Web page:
Shadow Dancer
'The most beautiful thing we can experience is the mysterious.'
<br> AlbertEinstein
Fantasy Knight
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Loyal user
Toronto,Ontario,Canada
244 Posts

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Well I have to take this opportunity to post my feelings about playing with fire and proper care of materials.

My stage name today is Fantasy Knight, but back when I was 20, I went by the name Fire Dragon.

My whole entire routine was with Doves and Fire effects and of course card manipulation. One day I set myself a blaze in front of a viewing audience and lucky for me, I was equipped for such a show. So I suggest before any show with fire you carry a fire extinguisher and fire blanket also wouldn't hurt.

Now today, a dealer myself, I can be held accountable if someone gets burned by improper use of fire products. So 18 or older and dealers are told we must supply a saftey sheet which you heard kaytracy mention in her post.

Now proper care for the flash paper; I must spray each flash sheet with a squirt bottle of distilled water that keeps it in safe storage. For whoever mentioned about the paper burning slow, that can be caused from spraying with tap water from what I learned in my years as a fire performer. Too many chemicals in straight out tap water. Now there's other reasons as to why it can burn slow, but it's from age of the paper or when making of the paper itself.

Now there was a book in print that teaches you how to make your own flash paper and flash bills to suit your countries money. Maybe someone here may know of the book and offer that to you as I don't recall. It has been too many years for me.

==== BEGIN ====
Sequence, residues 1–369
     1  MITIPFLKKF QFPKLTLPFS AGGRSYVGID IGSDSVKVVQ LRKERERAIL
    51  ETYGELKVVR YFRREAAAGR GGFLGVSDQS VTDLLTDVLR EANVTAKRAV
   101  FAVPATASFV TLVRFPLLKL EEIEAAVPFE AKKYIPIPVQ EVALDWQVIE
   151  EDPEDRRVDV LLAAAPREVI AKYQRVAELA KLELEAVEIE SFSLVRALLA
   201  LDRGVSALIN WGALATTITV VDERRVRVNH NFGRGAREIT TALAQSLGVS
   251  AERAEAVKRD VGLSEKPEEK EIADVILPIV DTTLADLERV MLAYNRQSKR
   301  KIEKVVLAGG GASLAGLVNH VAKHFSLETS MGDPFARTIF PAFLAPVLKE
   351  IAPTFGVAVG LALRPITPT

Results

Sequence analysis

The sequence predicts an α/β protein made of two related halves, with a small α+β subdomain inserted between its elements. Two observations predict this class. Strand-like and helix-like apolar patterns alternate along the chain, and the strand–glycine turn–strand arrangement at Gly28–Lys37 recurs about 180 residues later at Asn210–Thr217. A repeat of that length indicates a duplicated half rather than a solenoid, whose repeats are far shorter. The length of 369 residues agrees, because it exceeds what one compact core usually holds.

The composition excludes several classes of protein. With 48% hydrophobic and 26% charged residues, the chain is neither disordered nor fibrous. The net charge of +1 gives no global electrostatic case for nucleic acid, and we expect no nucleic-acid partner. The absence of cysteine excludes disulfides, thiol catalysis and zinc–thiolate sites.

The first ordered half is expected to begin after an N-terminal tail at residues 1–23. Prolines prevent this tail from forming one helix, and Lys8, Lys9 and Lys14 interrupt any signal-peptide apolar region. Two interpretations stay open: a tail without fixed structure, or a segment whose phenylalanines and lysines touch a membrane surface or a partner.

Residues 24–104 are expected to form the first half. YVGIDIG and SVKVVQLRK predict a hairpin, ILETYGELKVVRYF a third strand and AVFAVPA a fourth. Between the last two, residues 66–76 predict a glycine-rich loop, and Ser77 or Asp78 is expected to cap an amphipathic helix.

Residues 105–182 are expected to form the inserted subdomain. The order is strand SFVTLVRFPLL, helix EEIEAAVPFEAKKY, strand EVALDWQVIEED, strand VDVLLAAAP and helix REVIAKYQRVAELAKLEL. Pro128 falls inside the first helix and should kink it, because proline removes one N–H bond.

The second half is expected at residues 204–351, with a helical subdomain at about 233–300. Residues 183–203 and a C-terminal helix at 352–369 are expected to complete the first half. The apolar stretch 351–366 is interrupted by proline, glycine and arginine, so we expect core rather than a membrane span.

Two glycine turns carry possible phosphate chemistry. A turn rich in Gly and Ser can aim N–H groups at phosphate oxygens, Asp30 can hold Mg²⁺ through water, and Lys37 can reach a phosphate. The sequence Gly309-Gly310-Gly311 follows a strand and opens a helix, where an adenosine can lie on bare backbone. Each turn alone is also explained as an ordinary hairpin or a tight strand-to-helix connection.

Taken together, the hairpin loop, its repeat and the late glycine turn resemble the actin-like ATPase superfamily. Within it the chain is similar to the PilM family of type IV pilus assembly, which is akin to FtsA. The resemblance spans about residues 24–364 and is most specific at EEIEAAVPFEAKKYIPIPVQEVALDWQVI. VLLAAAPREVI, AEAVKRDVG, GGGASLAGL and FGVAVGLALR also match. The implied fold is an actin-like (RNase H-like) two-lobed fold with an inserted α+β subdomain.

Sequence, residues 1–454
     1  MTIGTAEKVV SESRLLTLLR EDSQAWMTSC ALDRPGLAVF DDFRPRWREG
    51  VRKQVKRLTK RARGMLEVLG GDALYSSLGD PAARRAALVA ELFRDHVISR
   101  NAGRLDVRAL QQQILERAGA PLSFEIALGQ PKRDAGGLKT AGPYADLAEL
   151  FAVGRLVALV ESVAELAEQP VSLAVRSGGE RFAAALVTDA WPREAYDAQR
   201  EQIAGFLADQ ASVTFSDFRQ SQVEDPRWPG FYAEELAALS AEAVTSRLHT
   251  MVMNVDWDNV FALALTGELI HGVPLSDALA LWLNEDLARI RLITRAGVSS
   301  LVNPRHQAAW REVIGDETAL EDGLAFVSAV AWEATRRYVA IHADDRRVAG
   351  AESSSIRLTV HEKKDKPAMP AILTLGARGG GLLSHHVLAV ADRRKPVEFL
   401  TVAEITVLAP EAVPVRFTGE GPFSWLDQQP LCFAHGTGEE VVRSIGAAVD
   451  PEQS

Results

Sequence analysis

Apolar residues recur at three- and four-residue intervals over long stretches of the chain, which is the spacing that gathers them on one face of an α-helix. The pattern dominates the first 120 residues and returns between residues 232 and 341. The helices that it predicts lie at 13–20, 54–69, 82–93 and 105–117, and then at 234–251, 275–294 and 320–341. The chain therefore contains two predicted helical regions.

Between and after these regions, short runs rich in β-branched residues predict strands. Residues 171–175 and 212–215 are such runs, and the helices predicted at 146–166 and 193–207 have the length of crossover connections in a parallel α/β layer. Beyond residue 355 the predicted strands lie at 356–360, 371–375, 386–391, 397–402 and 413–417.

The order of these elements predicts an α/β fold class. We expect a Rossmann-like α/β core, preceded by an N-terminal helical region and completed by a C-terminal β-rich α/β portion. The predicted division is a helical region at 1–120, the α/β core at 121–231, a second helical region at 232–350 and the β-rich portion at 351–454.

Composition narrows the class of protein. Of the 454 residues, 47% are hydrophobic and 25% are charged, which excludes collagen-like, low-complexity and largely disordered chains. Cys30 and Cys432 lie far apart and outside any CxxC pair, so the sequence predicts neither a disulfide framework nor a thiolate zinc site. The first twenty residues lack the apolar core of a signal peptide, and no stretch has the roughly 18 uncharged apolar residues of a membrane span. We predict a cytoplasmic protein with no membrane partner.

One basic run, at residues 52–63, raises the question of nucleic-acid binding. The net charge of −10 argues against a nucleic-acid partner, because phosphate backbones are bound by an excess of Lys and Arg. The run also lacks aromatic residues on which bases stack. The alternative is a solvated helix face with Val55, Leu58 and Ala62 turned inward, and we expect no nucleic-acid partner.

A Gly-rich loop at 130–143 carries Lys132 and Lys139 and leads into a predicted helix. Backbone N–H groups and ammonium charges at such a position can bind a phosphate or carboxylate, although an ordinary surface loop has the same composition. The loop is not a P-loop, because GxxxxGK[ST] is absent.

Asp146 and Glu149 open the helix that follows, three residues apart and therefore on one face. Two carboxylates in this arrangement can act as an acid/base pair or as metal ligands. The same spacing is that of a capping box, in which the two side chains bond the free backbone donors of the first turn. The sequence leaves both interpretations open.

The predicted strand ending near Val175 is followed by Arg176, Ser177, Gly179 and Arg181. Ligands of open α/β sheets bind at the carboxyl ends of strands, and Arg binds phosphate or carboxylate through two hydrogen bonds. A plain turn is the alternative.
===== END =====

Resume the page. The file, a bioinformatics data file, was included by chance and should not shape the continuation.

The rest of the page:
Well that's about all, hope that helps out some.
Grew up near one of the greatest minds in magic the late Stewart James, in a town called Wallaceburg just 15 mins from Courtright where James could be found, time and time again he would inspire me to always be creative and just love all magic.
David Todd
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Inner circle
1486 Posts

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I have to admit that in all my years in and around the magic world I have not used flash paper.

Recently, I've been working on an effect that requires it for production of a bottle.

I am storing mine in a metal box but wondered from reading this thread if I should also be keeping it wet (in a plastic bag) while stored in the metal box.

When I remove it before a show, how long does it take to dry out?

How should it be transported to a show?

I did notice with some concern the warning printed on the back of the packet I purchased:

"Not to be stored in any residence".

I didn't notice the warning on the package until I got home from the magic shop.

Have I really invalidated my insurance policy by having it stored in a cool, dry place (my basement magic room) inside a metal box?

Yikes. Smile

Maybe I don't want to do that trick after all.

How does one go about safely disposing of unused flash paper (besides burning it one sheet at a time out in the back yard?)
morpheus
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15 Posts

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I keep all of my flash paper, cotton, etc. in a "safe box" you can buy them at stores like Kmart and Walmart they are made of thick steel and will hopefully prevent an explosion
-morpheus
riberts
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New user
Yorkshire, UK
53 Posts

Profile of riberts
As I recently learnt to my great surprise, despite the speed at which Flashpaper burns, it still really, REALLY hurts if you try to light it on your palm for pyro effects.

A word for the wise...
...it's not big and it's not clever.

This was a public service announcement.
jmm1303
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New user
Tennessee
49 Posts

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I think when I get my order of flash paper I will buy a tool box as well
jlotto
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New user
60 Posts

Profile of jlotto
Whenever i use flash paper, it leaves that yellow residue behind on cards, the table, whatever. What would you suggest for getting it off. Smile